MISCELLANEOUS MAXIMS. ;

Frankness is one of the greatest virtues, but it is the least rewarded.

The same generosity which makes us forget the benefits we have conferred, will prevent us from forgetting those we have received.

If men understood their true interests, they would frequently take as much pains to avoid being troubled with a great fortune as they do to acquire one. Fortune pared to a coquette; dhe may be justly com

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BENEDICT.

A TRUE HISTORY.

[Continued from Vol. xl. page 502.]

IT has been observed, that it was at the governor's splendid mansion my respected father first beheld the blooming Caroline; and though many persons may ridicule the idea of an attachment formed at first sight, it was evident, that both were equally charmed. It was not merely the fine form and manly figure of my father which made him an uni versal favorite with the fair sex, but it was that soft insinuating manner which renders the possessor doubly pleasing. A bright radiance of glory likewise shone around him; his name was never mentioned without the tribute of applause; in short, he appeared the modern Hector, and my unfortunate mother, like the fair Andromache, saw in his brilliant achievements a divinity whom she adored.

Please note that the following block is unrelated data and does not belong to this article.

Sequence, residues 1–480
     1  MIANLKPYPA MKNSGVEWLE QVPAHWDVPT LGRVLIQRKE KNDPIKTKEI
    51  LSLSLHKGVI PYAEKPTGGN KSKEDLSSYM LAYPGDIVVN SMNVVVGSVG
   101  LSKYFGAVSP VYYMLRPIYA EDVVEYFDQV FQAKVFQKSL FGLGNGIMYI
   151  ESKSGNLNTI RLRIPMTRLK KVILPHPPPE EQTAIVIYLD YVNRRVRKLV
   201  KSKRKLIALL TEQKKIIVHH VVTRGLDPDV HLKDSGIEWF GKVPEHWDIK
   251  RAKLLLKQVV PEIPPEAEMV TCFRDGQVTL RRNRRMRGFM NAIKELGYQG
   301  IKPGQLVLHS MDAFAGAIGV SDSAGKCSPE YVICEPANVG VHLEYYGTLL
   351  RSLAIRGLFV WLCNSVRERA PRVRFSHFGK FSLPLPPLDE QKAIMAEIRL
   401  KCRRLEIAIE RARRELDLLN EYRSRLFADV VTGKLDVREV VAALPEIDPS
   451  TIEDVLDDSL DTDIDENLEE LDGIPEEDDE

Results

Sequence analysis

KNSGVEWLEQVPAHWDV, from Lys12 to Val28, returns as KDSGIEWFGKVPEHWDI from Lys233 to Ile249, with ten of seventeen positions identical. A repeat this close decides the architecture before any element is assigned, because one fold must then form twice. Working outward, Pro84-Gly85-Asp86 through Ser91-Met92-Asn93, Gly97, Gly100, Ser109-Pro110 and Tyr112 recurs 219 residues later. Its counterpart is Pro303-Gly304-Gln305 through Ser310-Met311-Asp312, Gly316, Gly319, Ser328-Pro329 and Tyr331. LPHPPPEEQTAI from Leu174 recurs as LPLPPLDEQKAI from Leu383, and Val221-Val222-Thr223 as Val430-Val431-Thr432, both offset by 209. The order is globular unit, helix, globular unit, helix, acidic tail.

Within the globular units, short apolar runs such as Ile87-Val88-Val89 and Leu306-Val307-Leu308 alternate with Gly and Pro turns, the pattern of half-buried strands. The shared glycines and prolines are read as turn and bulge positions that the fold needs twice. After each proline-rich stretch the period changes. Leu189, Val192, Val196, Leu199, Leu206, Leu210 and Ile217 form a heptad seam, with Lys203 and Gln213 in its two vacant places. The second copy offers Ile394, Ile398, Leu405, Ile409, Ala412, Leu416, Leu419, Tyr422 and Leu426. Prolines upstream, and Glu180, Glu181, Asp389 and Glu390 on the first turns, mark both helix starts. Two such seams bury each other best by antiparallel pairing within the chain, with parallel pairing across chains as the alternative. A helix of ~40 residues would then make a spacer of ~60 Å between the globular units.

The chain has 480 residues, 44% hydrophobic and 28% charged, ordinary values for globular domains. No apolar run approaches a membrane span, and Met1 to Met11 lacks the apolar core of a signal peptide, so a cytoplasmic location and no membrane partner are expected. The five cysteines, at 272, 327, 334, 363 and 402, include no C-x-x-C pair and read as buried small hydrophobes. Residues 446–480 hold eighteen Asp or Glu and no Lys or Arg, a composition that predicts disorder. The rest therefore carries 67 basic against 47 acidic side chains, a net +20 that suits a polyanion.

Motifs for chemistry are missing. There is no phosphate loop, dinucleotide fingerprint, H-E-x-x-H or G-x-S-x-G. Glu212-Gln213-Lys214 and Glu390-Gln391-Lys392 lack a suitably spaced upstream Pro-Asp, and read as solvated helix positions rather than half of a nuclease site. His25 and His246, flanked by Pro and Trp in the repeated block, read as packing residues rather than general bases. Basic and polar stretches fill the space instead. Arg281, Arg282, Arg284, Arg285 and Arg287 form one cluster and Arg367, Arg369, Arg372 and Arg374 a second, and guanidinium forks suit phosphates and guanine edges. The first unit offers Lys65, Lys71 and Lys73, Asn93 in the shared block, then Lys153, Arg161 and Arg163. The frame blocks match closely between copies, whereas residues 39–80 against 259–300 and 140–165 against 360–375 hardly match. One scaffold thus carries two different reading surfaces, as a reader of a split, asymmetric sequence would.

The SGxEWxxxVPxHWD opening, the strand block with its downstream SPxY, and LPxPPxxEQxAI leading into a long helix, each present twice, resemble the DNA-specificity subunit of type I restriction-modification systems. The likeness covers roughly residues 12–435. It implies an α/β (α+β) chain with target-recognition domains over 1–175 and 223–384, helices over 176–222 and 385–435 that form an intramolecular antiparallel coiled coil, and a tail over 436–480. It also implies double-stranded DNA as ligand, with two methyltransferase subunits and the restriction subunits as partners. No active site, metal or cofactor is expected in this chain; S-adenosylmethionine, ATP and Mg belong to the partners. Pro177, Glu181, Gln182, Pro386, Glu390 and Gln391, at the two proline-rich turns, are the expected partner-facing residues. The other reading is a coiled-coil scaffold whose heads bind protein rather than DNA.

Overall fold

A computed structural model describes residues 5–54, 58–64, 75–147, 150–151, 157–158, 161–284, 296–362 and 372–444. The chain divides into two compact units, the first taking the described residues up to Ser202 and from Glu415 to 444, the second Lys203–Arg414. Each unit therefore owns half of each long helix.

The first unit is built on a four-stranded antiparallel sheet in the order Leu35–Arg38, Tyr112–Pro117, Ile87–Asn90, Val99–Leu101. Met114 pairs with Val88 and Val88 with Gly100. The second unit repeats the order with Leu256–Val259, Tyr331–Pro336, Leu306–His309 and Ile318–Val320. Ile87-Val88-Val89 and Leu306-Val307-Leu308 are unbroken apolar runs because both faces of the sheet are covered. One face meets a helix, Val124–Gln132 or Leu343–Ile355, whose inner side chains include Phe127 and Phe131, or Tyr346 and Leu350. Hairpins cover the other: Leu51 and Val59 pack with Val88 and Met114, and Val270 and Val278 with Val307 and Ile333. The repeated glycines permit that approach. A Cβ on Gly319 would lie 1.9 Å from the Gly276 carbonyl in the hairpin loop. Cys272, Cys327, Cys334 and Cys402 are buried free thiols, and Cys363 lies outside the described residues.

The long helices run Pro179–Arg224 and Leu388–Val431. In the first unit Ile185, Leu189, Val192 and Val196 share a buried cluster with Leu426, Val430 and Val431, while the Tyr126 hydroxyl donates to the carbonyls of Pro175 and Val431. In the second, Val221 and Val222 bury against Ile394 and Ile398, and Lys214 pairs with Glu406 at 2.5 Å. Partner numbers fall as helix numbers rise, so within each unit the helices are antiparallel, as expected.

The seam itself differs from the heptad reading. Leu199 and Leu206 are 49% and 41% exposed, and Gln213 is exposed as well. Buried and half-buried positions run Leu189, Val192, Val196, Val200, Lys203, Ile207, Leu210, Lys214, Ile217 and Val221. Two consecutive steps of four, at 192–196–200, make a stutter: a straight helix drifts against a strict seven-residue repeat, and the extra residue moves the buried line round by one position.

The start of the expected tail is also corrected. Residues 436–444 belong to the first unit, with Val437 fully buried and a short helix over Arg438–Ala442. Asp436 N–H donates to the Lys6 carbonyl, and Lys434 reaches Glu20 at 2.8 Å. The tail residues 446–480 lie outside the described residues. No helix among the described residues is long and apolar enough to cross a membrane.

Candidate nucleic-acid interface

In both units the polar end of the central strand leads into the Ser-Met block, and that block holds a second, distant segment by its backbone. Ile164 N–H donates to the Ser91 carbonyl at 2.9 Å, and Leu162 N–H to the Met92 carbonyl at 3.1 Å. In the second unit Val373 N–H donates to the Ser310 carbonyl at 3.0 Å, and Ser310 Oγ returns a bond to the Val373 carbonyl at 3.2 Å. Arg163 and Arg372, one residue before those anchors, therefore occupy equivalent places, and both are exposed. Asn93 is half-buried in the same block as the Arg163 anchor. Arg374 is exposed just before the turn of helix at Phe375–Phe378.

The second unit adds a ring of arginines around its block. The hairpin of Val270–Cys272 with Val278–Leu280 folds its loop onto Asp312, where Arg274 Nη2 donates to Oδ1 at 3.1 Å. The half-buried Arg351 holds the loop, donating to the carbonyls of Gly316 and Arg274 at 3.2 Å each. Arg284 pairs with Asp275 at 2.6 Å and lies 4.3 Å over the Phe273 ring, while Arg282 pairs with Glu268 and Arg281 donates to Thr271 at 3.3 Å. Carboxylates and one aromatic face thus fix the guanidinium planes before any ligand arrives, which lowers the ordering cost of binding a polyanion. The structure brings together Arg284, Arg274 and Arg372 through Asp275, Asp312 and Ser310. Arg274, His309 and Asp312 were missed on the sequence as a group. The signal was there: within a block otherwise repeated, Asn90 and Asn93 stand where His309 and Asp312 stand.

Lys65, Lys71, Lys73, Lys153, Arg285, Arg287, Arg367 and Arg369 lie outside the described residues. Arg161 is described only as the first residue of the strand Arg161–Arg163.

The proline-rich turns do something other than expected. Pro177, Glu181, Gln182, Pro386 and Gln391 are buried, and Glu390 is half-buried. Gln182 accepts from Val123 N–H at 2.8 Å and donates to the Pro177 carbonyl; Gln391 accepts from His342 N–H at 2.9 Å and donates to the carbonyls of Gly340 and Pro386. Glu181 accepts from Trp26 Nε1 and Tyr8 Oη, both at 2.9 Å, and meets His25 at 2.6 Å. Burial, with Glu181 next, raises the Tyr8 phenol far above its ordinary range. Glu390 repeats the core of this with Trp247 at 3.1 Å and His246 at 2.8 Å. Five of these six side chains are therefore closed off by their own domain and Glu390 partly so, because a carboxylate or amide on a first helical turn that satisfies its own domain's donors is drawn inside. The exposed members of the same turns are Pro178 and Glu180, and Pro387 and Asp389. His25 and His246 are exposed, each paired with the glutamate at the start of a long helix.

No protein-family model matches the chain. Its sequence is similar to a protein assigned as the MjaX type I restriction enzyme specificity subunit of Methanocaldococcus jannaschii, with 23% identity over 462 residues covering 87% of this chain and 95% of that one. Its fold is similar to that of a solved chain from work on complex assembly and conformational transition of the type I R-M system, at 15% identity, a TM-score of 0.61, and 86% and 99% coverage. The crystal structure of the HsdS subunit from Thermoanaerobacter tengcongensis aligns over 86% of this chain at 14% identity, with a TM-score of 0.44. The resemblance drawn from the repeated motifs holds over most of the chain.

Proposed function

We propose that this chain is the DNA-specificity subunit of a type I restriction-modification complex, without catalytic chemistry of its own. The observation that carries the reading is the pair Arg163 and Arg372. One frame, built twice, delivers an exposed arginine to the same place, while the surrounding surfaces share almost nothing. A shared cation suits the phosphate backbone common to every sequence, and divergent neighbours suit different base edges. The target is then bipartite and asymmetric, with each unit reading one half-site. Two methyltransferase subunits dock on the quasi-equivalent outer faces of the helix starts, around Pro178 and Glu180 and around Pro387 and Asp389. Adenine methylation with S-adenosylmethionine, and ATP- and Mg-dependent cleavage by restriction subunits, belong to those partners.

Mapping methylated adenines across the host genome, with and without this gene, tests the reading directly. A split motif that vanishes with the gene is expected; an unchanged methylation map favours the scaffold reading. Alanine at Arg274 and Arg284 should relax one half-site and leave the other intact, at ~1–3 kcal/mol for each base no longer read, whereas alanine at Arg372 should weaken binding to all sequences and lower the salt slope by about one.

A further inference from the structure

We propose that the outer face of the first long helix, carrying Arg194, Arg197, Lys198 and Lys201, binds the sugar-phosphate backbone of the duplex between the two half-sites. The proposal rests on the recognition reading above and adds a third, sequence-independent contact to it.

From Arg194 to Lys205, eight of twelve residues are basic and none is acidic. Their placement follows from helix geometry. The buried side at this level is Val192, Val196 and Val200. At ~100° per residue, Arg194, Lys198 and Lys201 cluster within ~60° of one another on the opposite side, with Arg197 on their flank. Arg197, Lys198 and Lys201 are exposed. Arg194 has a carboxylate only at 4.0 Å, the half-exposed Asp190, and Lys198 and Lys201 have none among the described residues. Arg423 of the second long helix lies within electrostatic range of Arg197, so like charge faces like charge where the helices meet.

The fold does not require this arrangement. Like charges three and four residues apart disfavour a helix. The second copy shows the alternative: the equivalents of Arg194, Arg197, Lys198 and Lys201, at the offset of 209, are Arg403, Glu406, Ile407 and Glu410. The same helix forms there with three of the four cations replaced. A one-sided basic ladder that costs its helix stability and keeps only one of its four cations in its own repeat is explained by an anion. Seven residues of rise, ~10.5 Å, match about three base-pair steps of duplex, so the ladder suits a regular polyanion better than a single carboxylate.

During the five years my father had been absent from his native country, a wonderful alteration had taken place in his domestic affairs; both his parents had paid the debt of nature, and he had never been on terms of affection with their heir. Fifteen hundred pounds was the amount of the fortune that had been left him, which he generously divided between his two sisters. อง the

fer of his hand; and her brother, delighted at the prospect of seeing her united to a man of family and fortune, joyfully gave his consent; and, at the expiration of six weeks after their first interview, Caroline Melville became the wife of Captain C.